When I was a very small child, so small that I can't remember the year or my age, my dad was diagnosed with a kidney disease. My parents sat us down and explained to us that our dad was sick and that some day he would need a kidney transplant. They explained what that meant, and I think they did a good job. Yet, being as little as I was I believed my daddy to be indestructible, so I didn't really believe he would ever be really sick.
Unfortunately, I was wrong. During the midsummer when I was thirteen he became very ill. They did tests and, in fact, my dad's kidneys were failing fast. He needed to start dialysis and quickly. This began an excruciatingly painful journey through my teens.
We were in and out of hospitals and doctors offices constantly. Sometimes, he was so sick I didn't know if he'd be coming home with us. But, somehow the Lord was merciful, and Daddy kept healing.
There were many roadblocks to a transplant. Finding a donor was the biggest of course. My three oldest siblings couldn't donate for different reasons, my mom couldn't, it seemed hopeless. Yet, the Lord gave us hope. I truly believed my Dad would be fine someday. I don't know if that was faith or child-like naivete or perhaps a mixture of the two and it was just plain child-like faith. Personally, I like to believe the last to be true.
I worked diligently through my teen years, and I had many responsibilities. It was a difficult time for me, and I often felt it fell on me to hold my family together. (If you ask my husband, he'll probably tell you that I still feel that way.)
Sadly, Satan loves to try to tear down the faith of teenagers, and I have to admit that when I was eighteen and my father seemed only to be getting worse. I lost faith. I resigned myself that my father might not make it to my wedding or see my children. The lowest point came during the open house for my high school graduation. My father was unable to stay because he was ill.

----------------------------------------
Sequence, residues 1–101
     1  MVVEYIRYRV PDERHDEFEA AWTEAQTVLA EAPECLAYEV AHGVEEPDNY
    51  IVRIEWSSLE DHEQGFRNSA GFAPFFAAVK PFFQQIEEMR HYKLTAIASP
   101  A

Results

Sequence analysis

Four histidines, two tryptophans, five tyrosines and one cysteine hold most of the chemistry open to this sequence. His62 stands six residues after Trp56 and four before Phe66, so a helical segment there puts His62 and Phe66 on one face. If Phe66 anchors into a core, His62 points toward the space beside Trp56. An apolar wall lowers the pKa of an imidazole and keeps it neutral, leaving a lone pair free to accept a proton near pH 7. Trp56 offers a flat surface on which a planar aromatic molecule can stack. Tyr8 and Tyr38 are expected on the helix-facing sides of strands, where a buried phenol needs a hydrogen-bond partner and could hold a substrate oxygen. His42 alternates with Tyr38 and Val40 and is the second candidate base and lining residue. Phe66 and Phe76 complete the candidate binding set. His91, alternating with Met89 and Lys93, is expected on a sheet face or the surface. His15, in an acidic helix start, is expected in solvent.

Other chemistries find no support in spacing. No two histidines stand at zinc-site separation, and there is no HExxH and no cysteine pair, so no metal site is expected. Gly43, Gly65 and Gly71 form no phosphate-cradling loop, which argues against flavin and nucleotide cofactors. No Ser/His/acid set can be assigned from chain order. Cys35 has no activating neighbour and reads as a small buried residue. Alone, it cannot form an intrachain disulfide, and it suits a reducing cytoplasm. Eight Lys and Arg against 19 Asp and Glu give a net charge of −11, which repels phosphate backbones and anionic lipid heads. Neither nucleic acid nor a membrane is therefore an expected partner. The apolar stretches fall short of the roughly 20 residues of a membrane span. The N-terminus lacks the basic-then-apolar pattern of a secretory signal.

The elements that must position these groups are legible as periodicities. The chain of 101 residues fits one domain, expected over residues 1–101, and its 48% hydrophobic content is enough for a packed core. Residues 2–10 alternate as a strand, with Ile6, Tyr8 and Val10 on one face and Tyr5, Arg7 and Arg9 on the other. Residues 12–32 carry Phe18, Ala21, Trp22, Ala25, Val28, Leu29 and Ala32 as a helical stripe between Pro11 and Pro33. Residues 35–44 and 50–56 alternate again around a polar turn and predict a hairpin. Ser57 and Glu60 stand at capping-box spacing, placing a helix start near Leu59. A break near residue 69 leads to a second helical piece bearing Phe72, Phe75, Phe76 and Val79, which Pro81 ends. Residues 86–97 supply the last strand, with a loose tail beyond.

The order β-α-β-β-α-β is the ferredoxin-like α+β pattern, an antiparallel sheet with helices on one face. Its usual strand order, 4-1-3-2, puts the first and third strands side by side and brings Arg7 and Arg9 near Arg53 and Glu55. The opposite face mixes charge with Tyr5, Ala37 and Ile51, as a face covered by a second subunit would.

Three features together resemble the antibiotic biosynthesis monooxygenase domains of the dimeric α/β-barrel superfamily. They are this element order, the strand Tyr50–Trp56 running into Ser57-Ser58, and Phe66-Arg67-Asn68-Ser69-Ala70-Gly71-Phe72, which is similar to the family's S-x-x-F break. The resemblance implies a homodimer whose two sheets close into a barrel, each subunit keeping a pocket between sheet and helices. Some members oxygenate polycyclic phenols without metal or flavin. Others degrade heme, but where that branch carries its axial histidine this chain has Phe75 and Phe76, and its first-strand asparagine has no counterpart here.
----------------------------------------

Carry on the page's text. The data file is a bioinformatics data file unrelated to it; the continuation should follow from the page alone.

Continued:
Praise the Lord, that was also the turning point for my dad. Right about that point the doctors decided to change his method of dialysis. It seemed after that that all obstacles were flying out of the path.
The biggest obstacle, a donor, was solved by my big sister. (The one with which I would fight.) She was 20 years old that summer, and she was able to start testing to see if she was a compatible donor.
This sister is, by far, the most diligent, self-motivated, and hardest worker of all five of us. She did all the testing while going to college full time! When it was discovered that she would be a match, the surgery was scheduled at a time that wouldn't interrupt her schooling. She went right back in the fall and worked just as hard as ever!
The surgery took place on June 14, 2002, two days before Father's Day. (Ironically, Readers Digest ran a story in that issue about a daughter giving her father a kidney.) It was an awful feeling having two of the people you love most in this world in surgery simultaneously.
Nine years later both my dad and my sister are in good health. Of course, Dad has ups and downs like all transplant recipients, but he's in better health now, than he was ten years ago! He officiated at my wedding and was in the hospital when both of my little girls were born!
Father's Day is always the time of year that I set aside to thank my Heavenly Father for giving me one more year on earth with my Dad!
|She's holding my baby & I'm holding her's!|
"Iron sharpeneth iron; so a man sharpeneth the countenance of his friend."-Proverbs 27:17
I hope you have a great Father's Day with the Dad's in your life.